This paper has proposed a low rate of annual growth of the population. Previously, scholars of Mesopotamia interested in these matters turned to a calculation that set growth at 0.10. This is the same estimate used to measure the growth of the entire population of the earth from the Neolithic Revolution until the Demographic Transition (Coale 1974). As far as I am aware, the origins of this measurement for the ancient Near East are based on two articles, one by Braidwood and Reed published in 1957, and the other by Carneiro and Hilse in 1966. The study by Braidwood and Reed was the first modern attempt to estimate the size of the Babylonian population. They proposed that the population of ancient Sumer was 340,000 because they believed that the region consisted of no more than twenty cities whose average population was 17,000. Upon the advice of colleagues, they increased their estimate to half a million. They were aware that they were proposing a guess based on a number of assumptions, declaring that their statistics “should not be quoted” (Braidwood and Reed 1957: 29). Nine years later, Carneiro and Hilse turned to this figure because they wanted to estimate the rate of population growth in the Near East. Carneiro and Hilse assumed (and they clearly label it an assumption) that in 8000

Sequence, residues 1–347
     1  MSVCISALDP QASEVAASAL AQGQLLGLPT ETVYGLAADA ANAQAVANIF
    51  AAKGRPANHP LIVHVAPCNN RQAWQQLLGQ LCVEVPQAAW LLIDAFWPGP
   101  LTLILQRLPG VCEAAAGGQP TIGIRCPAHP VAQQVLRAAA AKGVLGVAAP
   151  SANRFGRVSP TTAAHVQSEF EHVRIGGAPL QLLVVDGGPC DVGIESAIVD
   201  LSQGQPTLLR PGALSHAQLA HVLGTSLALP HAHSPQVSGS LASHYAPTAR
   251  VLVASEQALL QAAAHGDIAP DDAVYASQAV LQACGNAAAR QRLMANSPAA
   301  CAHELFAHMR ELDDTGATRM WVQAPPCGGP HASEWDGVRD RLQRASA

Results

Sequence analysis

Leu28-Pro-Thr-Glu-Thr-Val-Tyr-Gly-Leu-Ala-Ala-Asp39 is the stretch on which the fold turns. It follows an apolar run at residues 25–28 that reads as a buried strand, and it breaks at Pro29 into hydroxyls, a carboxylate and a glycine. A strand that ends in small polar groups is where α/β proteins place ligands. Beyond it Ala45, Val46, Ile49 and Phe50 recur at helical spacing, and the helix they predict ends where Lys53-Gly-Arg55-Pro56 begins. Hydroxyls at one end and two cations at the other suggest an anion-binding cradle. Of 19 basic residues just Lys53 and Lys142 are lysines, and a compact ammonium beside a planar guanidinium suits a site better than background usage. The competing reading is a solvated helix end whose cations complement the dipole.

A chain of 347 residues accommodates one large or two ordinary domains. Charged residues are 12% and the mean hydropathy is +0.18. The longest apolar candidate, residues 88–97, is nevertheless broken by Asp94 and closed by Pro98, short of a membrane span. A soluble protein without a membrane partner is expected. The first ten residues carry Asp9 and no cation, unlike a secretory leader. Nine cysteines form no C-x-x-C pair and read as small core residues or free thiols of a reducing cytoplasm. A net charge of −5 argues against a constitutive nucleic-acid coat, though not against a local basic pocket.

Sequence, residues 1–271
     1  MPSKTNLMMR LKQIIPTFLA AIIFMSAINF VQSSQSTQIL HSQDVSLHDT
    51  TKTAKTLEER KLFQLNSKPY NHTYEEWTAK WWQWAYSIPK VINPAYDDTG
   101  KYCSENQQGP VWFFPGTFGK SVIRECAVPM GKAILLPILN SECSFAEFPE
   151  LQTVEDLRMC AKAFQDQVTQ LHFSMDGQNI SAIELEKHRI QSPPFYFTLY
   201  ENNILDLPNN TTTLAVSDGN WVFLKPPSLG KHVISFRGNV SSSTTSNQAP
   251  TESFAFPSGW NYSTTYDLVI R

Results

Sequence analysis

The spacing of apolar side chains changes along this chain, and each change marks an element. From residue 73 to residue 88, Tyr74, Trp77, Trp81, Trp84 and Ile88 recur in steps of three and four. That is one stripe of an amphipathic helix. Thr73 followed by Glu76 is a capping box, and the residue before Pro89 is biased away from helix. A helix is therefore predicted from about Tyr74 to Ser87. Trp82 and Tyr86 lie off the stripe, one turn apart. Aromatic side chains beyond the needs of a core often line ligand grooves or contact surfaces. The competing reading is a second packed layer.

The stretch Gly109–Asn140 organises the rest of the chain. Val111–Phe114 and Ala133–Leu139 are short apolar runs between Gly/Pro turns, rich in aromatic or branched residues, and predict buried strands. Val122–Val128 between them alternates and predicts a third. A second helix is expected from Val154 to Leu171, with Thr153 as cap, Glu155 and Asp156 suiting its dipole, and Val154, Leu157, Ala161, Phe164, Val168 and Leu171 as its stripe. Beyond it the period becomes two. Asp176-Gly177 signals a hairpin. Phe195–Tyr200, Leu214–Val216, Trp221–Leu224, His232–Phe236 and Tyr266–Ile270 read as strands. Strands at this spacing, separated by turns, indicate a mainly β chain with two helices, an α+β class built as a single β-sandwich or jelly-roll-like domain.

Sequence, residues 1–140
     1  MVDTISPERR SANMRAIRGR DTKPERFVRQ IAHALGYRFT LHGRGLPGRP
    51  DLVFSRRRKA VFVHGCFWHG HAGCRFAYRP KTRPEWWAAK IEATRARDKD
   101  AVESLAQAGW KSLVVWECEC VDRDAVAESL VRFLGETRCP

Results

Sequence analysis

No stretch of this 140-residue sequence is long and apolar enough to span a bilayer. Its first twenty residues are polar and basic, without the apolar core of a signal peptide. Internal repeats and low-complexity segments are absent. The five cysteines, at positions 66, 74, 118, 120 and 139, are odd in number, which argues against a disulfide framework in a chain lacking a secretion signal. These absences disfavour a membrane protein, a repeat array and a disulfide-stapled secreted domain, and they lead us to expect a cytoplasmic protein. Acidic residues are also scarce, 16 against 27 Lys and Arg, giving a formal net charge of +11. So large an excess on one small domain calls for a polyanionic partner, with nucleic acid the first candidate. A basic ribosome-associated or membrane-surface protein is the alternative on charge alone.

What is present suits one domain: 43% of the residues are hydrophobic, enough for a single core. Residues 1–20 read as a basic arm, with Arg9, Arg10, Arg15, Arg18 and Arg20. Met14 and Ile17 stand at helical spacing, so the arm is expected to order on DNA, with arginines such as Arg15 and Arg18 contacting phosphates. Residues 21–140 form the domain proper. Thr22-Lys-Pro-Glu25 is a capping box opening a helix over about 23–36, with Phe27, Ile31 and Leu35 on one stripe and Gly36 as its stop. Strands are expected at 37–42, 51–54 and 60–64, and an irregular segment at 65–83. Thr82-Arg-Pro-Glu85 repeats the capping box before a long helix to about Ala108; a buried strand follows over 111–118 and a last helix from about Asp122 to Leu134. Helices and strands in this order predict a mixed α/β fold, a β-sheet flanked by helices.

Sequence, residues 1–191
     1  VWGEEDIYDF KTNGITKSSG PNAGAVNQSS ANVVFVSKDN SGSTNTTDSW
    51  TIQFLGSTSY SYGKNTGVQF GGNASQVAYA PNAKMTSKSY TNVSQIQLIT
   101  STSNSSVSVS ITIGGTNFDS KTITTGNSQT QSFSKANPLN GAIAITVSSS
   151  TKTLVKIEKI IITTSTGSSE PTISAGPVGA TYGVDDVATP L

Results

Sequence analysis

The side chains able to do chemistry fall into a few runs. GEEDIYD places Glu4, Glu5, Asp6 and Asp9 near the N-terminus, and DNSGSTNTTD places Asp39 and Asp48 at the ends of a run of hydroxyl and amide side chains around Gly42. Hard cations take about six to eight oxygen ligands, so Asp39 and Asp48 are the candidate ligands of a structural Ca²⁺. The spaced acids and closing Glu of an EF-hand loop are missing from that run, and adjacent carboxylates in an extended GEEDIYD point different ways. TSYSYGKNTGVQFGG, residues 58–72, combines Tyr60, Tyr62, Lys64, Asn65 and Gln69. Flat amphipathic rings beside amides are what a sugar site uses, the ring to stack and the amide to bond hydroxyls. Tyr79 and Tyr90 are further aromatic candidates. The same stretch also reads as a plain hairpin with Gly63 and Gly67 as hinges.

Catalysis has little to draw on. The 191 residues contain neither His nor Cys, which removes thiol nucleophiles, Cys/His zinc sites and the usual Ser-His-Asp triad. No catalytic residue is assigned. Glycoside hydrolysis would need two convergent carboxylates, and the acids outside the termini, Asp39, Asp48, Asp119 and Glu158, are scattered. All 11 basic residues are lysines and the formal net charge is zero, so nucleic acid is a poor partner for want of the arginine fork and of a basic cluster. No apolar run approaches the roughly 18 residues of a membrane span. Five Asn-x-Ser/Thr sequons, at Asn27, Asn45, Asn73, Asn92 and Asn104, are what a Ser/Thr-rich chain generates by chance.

* This was written in honor, thanks, and recognition of McGuire Gibson’s efforts to impart a sense of the influence of aggregate population behavior on Mesopotamian development, notably in his 1973 article “Population Shift and the Rise of Mesopotamian Civilization”. As an Assyriology student who was searching texts for answers to similar questions, I have occasionally found myself in uncharted waters. Mac’s encouragement helped me get past my discomfort, find the data, and put words on the page. The necessity of assembling Mesopotamian “demographic” measures was something made clear to me by the